School shootings aren’t a small problem to solve. Fashioned similar to a tree, with a variety of contributing elements from the deep-roots to the tips of the branches. They begin with social isolation issues as the roots and end with gun violence and dead children, the branches. This issue needs to be dealt with from both the roots and the branches. Students need to be treated with greater care, and we need a greater awareness of social issues.
Guns must be kept out of our schools. School administrators need to partner with legislators to prevent these tragedies from continuing. The list of problems is daunting. Maybe it even seems insurmountable to those expected to solve them. But not to us.
Students across the country have joined together to take a stand. Student organizers are encouraging their peers to participate in school walkouts. Many have already taken place and more are planned. The Women’s March Youth organization has created a network of schools who will walk out on March 14.
The date commemorates the one month anniversary of the MSD school shooting. The walkout will last approximately 17 minutes, for the 17 lives that were lost in Parkland, and each school has developed individual ways to stand for their rights. I have been working with my peers at Bexley High School to organize our walkout.
— March For Our Lives (@AMarch4OurLives) February 18, 2018
We have the support of our Bexley City Council and the Mayor, but we don’t have the support of the administration.
Our administration has told teachers not to participate in the walkout. The Ohio School Board has given school administrators the right to withhold the First Amendment rights of some employees.
Political expression can take away from instructional time, influence students, or cause disruption. But in the case of gun violence in schools, teachers are expected to sacrifice their lives to protect us. How can we expect them to do that if they aren’t allowed to contribute their perspective on protecting their own lives? Students lives aren’t the only ones at stake. When a gun enters a school building, everyone is at risk.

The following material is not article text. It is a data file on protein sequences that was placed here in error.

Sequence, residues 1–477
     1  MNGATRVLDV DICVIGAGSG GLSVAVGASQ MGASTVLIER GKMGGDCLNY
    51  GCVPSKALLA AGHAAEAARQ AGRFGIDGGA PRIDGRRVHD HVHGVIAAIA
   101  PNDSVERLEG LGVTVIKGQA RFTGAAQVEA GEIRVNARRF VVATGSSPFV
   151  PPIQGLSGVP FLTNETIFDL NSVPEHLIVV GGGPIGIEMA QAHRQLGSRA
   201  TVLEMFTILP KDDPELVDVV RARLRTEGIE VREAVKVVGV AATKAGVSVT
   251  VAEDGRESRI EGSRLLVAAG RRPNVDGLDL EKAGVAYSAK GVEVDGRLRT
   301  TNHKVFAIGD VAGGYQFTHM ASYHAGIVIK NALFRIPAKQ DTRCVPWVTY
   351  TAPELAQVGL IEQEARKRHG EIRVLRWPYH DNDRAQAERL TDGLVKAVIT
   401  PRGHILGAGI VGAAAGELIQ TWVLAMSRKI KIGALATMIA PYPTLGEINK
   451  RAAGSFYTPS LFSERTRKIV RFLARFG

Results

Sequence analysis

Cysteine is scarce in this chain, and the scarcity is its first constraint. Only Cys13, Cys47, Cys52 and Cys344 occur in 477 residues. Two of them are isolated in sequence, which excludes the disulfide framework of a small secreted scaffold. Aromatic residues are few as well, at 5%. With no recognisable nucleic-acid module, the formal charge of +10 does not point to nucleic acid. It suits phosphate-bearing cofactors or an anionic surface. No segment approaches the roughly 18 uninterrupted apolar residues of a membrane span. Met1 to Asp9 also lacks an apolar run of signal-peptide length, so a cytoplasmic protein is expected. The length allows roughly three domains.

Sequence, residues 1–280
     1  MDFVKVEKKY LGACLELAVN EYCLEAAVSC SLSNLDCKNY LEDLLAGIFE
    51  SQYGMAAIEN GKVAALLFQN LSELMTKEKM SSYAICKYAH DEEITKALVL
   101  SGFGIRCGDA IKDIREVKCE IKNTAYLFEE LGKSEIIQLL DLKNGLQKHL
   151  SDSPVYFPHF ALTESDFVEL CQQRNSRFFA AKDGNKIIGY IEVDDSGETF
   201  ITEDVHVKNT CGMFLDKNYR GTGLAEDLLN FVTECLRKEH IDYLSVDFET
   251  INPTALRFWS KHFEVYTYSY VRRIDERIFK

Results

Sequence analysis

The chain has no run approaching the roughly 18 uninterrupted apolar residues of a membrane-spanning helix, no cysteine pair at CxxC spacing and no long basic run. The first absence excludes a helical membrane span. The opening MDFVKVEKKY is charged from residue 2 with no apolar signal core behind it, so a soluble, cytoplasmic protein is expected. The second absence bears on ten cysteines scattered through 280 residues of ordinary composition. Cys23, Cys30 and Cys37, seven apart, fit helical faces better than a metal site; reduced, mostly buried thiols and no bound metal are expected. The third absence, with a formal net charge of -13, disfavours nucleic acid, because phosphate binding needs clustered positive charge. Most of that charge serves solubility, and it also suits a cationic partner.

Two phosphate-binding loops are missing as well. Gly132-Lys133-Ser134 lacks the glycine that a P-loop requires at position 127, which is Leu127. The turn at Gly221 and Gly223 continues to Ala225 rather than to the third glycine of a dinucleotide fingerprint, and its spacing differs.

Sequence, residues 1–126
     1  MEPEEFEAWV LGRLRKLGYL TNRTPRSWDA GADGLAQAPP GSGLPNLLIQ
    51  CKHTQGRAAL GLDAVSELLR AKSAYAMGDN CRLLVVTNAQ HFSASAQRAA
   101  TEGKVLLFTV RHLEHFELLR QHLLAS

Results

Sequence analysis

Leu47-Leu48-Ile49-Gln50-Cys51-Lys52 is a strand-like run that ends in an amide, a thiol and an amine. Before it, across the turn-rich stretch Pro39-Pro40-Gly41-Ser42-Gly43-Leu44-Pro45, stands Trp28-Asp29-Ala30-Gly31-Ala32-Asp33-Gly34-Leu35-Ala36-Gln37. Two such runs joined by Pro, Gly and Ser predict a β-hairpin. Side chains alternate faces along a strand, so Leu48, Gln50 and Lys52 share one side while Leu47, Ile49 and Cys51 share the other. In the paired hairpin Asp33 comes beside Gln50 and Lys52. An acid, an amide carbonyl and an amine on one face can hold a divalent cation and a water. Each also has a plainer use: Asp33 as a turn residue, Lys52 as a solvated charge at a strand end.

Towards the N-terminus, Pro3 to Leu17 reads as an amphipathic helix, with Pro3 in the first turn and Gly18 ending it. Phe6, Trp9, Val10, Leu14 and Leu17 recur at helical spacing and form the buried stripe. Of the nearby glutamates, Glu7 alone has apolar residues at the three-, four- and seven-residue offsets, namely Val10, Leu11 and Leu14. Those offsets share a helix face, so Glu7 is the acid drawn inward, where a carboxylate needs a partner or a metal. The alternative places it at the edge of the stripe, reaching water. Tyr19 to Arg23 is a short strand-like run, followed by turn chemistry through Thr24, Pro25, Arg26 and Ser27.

#StudentsStandUp for your right to to speak, to be heard, to be safe, to Live
— Emma González (@Emma4Change) February 28, 2018
The survivors of the MSD Parkland shooting have begun to stand up in a fight for their lives, and our lives too. But the adults in power continue to shut them down because they’re “only kids”. Senior at MSD High School, Emma Gonzalez, has spoken out against this. She’s been an inspiration to all of us who want our voices heard in this.
In an article published by Harper’s Bazaar, Emma wrote, “Adults are saying that children are disrespectful. But how can we respect people who don’t respect us? We have always been told that if we see something wrong, we need to speak up; but now that we are, all we’re getting is disrespect from the people who made the rules in the first place. Adults like us when we have strong test scores, but they hate us when we have strong opinions.”
She’s absolutely right. We are children when it’s convenient for them and adults when they need us to be. Now that we are standing up for ourselves, they are trying to shut us down. They don’t want to listen. Emma is a leader, and the rest of us are following to become leaders too. We will make them listen. Young people have been shaping America since the very beginning.
Alexander Hamilton was 19 when he fought in the Revolutionary War, barely older than us. We are the ones dying for the rights of others to own guns. We deserve the right to be heard. I am choosing to be heard. For now, I am one of the lucky ones. My school has been safe, but nothing in the future is guaranteed. This is why I am standing up against those who allow gun violence to torment our schools. For myself, my peers, my little sister- I will not be silenced.
This is our revolution, so watch us rise.